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January 11, 2015 4:15 pm

I have done a fair amount of economy design using Excel, and by far the most common activity I need to perform when configuring and tuning a game economy inside of a spreadsheet is to set up a particular data column so that each individual cell value is automatically calculated based on a formula that factors in one or more external variables (for instance, calculating the cost of each weapon based on a combination of how much damage it deals and how much space it takes up in the player's inventory).

Typically, the variables that are used for the various factors in these formulas are other properties of the same object, with each individual object occupying its own row within a table and the values for other properties of an object being located in the other columns of the corresponding row.

At a high level, these are the techniques I use in Excel to accomplish this common task in a way that keeps my economy organized and ensures that it is easy to maintain and update.

Color-Coded Columns

There are three general categories of columns in my economy spreadsheets. I keep the top row of each column in the economy sheet color-coded to indicate whether the values in that column are intended to be edited directly, or whether they are based on a formula. The three types of columns are:

  1. Green - Values in these columns are intended to be set manually, and are likely to require changes more often than other columns.
  2. Yellow - These columns contain equations that get applied to a normalized range of values (typically contained in the neighboring column just to the left) to alter the distribution of those values within a range. These formulas are more likely to require adjustments than other formula types, but still tend to change less frequently than the values in the green columns.
  3. White - Values in these columns are calculated based on formulas. These formulas are the least likely to require direct changes, because the values they produce can typically be controlled via the yellow distribution columns, the associated control variables (i.e. min-max ranges), and the factor weights found in the global variables table. Therefore, the formulas in these columns should only be altered as a last resort.

Normalized Value Ranges

For columns containing data that are either affected by or likely to affect the values in another column, I add new entries into my global variables table to store the min and max values in that column. Then, I add a new column to store the normalized values for each corresponding cell in the original column.

For example, say that Column D is a green column in the Weapons table storing the amount of damage each weapon inflicts. After filling out these values manually, I would add a new, named variable to my global variables table called 'WeaponDamageMax' and set it to "= MAX(Weapons[D:D])", along with a variable called 'WeaponDamageMin' set to "= MIN(Weapons[D:D])".

I would then create a new column in the Weapons table, Column E, to store the normalized damage values using the formula
"= (D1 - WeaponDamageMin) / (WeaponDamageMax - WeaponDamageMin)".

Distribution Equations

As mentioned above, I use yellow headings to denote a special type of column that I use to apply equations that take normalized data as input, and perform some mathematical operation in order to alter the distribution of values across the normalized range. This is done as a way to assert more control over the value spread and provide a method for breaking up clusters of values which can commonly occur.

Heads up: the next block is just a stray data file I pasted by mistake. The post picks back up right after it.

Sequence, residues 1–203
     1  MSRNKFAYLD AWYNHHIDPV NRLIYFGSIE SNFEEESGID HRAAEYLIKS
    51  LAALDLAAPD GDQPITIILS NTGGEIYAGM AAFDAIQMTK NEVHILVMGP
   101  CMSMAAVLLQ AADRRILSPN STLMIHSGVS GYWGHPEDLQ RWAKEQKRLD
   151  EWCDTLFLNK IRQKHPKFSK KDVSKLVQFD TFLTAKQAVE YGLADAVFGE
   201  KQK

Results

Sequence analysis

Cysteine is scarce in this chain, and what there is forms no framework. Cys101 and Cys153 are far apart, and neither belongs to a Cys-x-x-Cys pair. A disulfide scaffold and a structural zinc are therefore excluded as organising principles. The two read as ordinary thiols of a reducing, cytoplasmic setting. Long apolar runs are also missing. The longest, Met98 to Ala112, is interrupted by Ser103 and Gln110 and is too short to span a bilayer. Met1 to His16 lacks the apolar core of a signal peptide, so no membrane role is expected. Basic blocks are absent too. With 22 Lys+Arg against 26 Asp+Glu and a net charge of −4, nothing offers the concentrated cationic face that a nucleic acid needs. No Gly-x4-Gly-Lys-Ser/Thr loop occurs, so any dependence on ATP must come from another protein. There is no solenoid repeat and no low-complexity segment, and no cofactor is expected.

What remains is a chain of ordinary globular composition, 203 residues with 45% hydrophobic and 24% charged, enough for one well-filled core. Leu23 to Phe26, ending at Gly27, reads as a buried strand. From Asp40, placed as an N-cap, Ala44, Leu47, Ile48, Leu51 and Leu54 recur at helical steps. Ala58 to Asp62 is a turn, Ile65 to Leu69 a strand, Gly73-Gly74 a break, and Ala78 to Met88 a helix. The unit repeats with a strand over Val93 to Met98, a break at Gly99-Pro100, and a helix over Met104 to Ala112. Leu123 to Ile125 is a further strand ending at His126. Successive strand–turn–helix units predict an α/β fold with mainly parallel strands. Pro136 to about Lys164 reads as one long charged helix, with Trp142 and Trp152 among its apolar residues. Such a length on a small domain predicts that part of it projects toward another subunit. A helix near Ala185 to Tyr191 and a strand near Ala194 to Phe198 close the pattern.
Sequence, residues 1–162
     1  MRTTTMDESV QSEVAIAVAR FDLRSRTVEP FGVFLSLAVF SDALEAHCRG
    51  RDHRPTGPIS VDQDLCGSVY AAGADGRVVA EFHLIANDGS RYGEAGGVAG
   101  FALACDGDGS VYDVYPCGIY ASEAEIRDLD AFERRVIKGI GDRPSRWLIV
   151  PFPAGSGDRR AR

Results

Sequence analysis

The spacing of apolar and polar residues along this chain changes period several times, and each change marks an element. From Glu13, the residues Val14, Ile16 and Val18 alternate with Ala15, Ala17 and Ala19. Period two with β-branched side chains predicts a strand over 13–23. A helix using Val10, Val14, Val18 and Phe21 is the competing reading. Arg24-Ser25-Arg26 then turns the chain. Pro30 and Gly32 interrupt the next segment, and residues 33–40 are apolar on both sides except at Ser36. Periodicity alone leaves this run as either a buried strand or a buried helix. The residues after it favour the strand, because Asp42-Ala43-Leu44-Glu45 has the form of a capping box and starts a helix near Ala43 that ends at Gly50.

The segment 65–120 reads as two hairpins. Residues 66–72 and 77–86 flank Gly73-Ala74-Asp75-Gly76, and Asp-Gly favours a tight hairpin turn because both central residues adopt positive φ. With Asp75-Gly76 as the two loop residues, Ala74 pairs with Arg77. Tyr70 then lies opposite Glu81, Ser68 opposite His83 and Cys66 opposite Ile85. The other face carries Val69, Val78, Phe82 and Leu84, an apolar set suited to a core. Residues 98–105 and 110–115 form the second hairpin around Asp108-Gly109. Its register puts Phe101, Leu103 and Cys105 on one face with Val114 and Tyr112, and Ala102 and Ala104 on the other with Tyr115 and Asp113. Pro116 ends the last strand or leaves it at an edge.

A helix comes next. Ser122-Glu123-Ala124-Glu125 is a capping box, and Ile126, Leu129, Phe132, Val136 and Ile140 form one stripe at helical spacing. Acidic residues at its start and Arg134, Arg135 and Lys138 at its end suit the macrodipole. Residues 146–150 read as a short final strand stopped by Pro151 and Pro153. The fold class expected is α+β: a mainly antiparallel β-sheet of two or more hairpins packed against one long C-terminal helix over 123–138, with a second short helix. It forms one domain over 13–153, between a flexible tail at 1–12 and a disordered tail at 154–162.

For example, if a designer adds a new, ultimate weapon that deals 5,000,000 damage and rest of the weapon damage values in Column D are in the 1-200 range, the single out-of-proportion outlier value would ordinarily skew the other values into the lower portion of our 0-1 range when they are divided by WeaponDamageMax in order to produce the normalized damage values in Column E. This may be desirable in some cases, but there are other times when you want to break up those data clusters and spread them out more evenly across the entire range.

This is where distribution equations come in handy. Normalized values can easily be transformed to achieve the desired value spread by applying a distribution curve to the existing data. In this case, we would create a new yellow column, Column F, to store the adjusted values from Column D.

Although this technique is powerful and flexible, visualizing and generating the curve equations is much simpler with some external assistance. These tasks can be performed within Excel, but I personally prefer to use the following tools in order to visualize and alter my distribution equations:

Visualization - Graphing calculator

  1. Zoom in to the 0-1 range
  2. Copy formula from curve adjustment column into "y1 =" box
  3. Replace the normalized values column ID with "x"
  4. Press the "graph" button to see the adjustment curve

Alteration - Easing function generator

  1. Move the control points until the curve looks like you want it to
  2. In the function box, copy the portion after "b+c*" on the last line of the function (the part in parentheses)
  3. Paste the copied equation into the curve adjustment column
  4. Replace all instances of "t" with normalized values column ID (nvcID), then all instances of "ts" with nvcID^2, and all "tc" with nvcID^3

In the case of the normalized weapon damage values in Column E, we might try to stretch the value cluster in the lower portion of our range out using an initial formula for Column F like